There are lots of ways to build a business, and if you feel like the momentum you crave is eluding you, it might be time to switch things up with some fresh growth strategies.
One game-changing way to achieve this is by building and distributing an API, otherwise known as an application programming interface.
APIs are the means by which different software apps can interact with one another and share data, without needing to be entirely interoperable.
This basic description doesn’t do them justice in terms of what they can offer up-and-coming organizations, so let’s investigate the true power of APIs in a startup context.
Data is the lifeblood of all APIs, and the biggest selling point of this solution is that you can harness it as a means of generating revenue from the information your organization is already generating.
Whether you choose to make APIs that are open for anyone to use, or you implement them solely to engage with your clients and partners, the principle is the same: Your data can be monetized by making it securely accessible to third parties.
This sounds terribly complex, but thanks to the rise of API marketplaces it has become much easier. For example, Rapid API is an API marketplace where developers and businesses can monetize their APIs via RapidAPI’s platform. You can make it a breeze for others to discover and implement your API, then track calls made to it and use this for billing.
There are all sorts of examples of APIs being used in this way that have a transformative impact on the businesses in question.
From social networks like Twitter and Facebook to e-commerce platforms and meteorological applications, many organizations have achieved growth and built partnerships by opening up their data through APIs.
Accelerating internal assets
While APIs may be useful for external interactions, they are also just as appropriate for fueling the rise of your internal application ecosystem.
Even startups need lots of software services and solutions to function effectively, and if you are looking to speed up development cycles and improve interoperability, a homegrown API will let you reach this goal in a way that lets you stay in control.
It’s also worth pointing out that some of the best business opportunities are unlocked only when your team members are given the tools they need to fulfill their true potential.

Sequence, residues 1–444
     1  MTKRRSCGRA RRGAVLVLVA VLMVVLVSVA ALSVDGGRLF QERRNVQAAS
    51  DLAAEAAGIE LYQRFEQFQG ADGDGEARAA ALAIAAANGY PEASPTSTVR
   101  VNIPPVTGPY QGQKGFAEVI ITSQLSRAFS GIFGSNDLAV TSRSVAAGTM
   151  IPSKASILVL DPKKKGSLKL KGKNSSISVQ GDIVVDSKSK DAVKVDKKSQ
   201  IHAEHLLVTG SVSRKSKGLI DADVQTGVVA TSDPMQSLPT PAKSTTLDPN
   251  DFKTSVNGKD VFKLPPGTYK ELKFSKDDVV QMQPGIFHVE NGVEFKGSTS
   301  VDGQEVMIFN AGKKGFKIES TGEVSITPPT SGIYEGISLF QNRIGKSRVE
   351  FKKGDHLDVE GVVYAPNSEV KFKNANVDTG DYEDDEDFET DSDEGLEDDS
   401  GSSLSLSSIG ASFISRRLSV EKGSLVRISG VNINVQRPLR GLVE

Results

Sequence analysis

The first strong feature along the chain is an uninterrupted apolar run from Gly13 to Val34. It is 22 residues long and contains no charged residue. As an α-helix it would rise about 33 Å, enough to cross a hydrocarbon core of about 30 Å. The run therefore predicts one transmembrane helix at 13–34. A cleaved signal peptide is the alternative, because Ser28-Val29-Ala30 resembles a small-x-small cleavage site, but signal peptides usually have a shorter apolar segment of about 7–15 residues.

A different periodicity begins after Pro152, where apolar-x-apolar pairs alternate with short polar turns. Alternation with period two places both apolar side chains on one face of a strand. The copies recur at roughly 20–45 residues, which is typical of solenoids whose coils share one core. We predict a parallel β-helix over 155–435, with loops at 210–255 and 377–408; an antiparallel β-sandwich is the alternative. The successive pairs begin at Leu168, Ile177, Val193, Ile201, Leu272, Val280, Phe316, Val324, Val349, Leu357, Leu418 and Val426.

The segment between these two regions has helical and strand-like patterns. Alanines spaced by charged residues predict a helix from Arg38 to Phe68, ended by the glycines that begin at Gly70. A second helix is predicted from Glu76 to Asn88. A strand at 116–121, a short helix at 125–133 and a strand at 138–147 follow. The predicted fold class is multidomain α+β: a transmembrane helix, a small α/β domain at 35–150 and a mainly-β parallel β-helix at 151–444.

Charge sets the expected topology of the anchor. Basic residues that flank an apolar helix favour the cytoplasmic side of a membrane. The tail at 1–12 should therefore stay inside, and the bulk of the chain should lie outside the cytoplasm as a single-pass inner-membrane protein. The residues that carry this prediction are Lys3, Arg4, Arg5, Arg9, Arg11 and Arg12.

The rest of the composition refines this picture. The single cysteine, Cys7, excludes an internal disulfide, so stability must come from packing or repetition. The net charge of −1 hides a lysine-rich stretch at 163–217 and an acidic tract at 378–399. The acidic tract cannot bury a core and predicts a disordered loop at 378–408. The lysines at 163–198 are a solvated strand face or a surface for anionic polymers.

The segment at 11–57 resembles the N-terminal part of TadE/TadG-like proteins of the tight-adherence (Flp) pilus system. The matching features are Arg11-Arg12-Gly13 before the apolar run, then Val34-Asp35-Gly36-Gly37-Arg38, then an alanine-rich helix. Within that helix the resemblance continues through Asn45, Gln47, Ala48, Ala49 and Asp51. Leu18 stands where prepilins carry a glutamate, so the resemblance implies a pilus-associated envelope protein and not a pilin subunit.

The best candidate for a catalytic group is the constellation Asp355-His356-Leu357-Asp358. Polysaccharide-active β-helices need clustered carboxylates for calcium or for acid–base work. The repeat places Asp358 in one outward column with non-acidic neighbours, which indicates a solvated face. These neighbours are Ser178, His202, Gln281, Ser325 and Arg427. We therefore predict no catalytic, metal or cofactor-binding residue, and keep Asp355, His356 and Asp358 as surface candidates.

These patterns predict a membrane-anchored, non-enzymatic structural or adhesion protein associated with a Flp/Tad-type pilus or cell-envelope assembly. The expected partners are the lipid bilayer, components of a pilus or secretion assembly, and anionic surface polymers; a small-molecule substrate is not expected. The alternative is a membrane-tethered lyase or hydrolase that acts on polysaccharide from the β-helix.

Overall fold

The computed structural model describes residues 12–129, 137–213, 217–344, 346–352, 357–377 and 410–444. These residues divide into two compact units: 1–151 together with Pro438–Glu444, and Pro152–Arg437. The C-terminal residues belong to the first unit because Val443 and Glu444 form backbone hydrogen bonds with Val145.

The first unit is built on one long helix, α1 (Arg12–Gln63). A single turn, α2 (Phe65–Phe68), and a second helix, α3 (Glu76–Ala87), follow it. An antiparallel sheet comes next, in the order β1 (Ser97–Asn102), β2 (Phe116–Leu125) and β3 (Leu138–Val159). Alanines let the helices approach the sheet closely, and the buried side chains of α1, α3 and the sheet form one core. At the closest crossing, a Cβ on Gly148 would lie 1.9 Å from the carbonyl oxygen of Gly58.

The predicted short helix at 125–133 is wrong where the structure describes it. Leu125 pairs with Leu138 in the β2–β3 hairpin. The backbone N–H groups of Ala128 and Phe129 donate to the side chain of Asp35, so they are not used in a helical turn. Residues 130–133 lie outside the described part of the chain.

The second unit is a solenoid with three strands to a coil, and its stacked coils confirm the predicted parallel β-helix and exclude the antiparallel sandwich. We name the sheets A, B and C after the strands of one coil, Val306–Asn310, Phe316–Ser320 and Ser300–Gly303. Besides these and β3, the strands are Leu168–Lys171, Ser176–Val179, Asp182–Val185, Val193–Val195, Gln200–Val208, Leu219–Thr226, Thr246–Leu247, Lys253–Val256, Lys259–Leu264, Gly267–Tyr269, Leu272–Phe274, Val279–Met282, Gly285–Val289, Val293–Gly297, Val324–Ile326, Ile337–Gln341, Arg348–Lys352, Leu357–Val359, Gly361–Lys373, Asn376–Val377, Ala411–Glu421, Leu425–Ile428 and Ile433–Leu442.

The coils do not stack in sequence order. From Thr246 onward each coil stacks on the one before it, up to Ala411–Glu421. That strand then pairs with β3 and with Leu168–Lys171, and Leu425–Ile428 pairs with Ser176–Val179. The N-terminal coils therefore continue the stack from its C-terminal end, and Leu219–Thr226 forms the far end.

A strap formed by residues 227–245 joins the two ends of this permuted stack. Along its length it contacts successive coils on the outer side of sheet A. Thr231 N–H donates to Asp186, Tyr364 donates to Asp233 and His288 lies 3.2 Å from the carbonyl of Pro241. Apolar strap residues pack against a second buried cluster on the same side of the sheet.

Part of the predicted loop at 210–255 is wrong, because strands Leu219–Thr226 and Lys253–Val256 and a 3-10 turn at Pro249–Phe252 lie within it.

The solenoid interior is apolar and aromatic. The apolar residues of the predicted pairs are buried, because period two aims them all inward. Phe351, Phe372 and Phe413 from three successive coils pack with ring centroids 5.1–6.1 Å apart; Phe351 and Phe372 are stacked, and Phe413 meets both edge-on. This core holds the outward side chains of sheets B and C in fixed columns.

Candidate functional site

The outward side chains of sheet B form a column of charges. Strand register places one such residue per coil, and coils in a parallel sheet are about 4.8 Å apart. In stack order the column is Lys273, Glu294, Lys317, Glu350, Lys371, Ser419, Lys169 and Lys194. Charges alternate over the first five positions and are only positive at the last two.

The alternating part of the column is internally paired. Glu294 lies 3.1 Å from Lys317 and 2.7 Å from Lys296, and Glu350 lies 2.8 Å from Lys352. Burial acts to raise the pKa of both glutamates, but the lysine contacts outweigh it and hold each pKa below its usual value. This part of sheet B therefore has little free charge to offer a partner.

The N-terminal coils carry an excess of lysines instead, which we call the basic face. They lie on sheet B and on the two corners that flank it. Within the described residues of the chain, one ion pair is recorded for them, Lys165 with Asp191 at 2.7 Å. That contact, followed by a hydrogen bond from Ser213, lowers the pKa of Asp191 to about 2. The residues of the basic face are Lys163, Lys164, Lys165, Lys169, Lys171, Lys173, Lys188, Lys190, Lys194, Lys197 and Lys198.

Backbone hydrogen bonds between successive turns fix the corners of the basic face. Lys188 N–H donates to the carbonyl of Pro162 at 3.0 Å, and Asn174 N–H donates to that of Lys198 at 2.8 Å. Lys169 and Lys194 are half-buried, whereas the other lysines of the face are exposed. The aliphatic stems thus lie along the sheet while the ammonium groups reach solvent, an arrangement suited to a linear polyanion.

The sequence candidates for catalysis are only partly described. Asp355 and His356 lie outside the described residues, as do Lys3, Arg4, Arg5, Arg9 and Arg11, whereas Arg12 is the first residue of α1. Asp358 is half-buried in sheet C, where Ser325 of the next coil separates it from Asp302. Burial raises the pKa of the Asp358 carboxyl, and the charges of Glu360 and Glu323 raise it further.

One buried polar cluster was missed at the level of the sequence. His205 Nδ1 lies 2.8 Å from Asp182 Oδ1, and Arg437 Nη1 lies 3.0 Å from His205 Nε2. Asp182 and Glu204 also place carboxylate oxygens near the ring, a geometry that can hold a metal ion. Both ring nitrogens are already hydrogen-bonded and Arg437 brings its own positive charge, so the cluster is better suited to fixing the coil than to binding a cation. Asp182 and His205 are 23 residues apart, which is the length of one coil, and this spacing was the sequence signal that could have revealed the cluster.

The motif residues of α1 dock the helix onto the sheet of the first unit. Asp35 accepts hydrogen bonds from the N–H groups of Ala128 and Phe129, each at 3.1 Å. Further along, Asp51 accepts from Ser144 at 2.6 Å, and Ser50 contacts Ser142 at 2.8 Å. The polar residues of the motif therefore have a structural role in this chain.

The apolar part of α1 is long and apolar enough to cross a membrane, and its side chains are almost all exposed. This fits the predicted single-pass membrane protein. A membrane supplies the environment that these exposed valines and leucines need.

And if a bespoke API lets you catalyze internal processes and remove barriers, this is clearly a positive step.
Accessing new markets
As touched upon earlier, the intent of outward-facing APIs in particular is not just to turn stagnant data into a dynamic money-making asset for all sorts of organizations, but also to gain access to markets that were not within your reach.
A lot of this comes down to the brand-building aspect of launching an API. If you have something of value to offer, and it is affordable for third parties to access, then even your relatively unknown organization can gain recognition in important circles.
Getting your foot in the door with an API will eventually lead to bigger and better things, and when the time is right, a brand that people already recognize will make them more amenable to work alongside you, or buy your products and services.
Another positive spin on this perspective is that your API could enable you to tap into preexisting ecosystems that are already up and running. Whether that be a search engine, a mapping app or anything else, the point is that this is the tool you can use to break down barriers standing between your startup and the big time.
Thinking about performance and security
With all the advantages of building an API, it’s important to also talk about a few of the considerations you need to keep in mind if you want to launch yours without making common mistakes.
API performance must be a priority, or else it could be more of a frustration for end users than it is an asset. This not only applies to the responsiveness of the API to calls made, but also to its overall stability and accuracy over time.
Monitoring performance and troubleshooting problems as soon as possible are the only viable strategies for a business that wants its fledgling API to fly the coop.
Security is another sticking point, as you might worry about giving third parties access to information stored on internal server hardware, or whatever resources you have set up for this purpose. Vigilance, and the implementation of secure best practices, will steer you through this storm.
Lots of businesses have already bloomed thanks to the launch of an API, but that doesn’t mean it’s too late to follow in their footsteps.
An innovative, value-focused, responsive API will give your company the opportunity to grasp rapid growth and generate demand with relatively minimal upfront investment.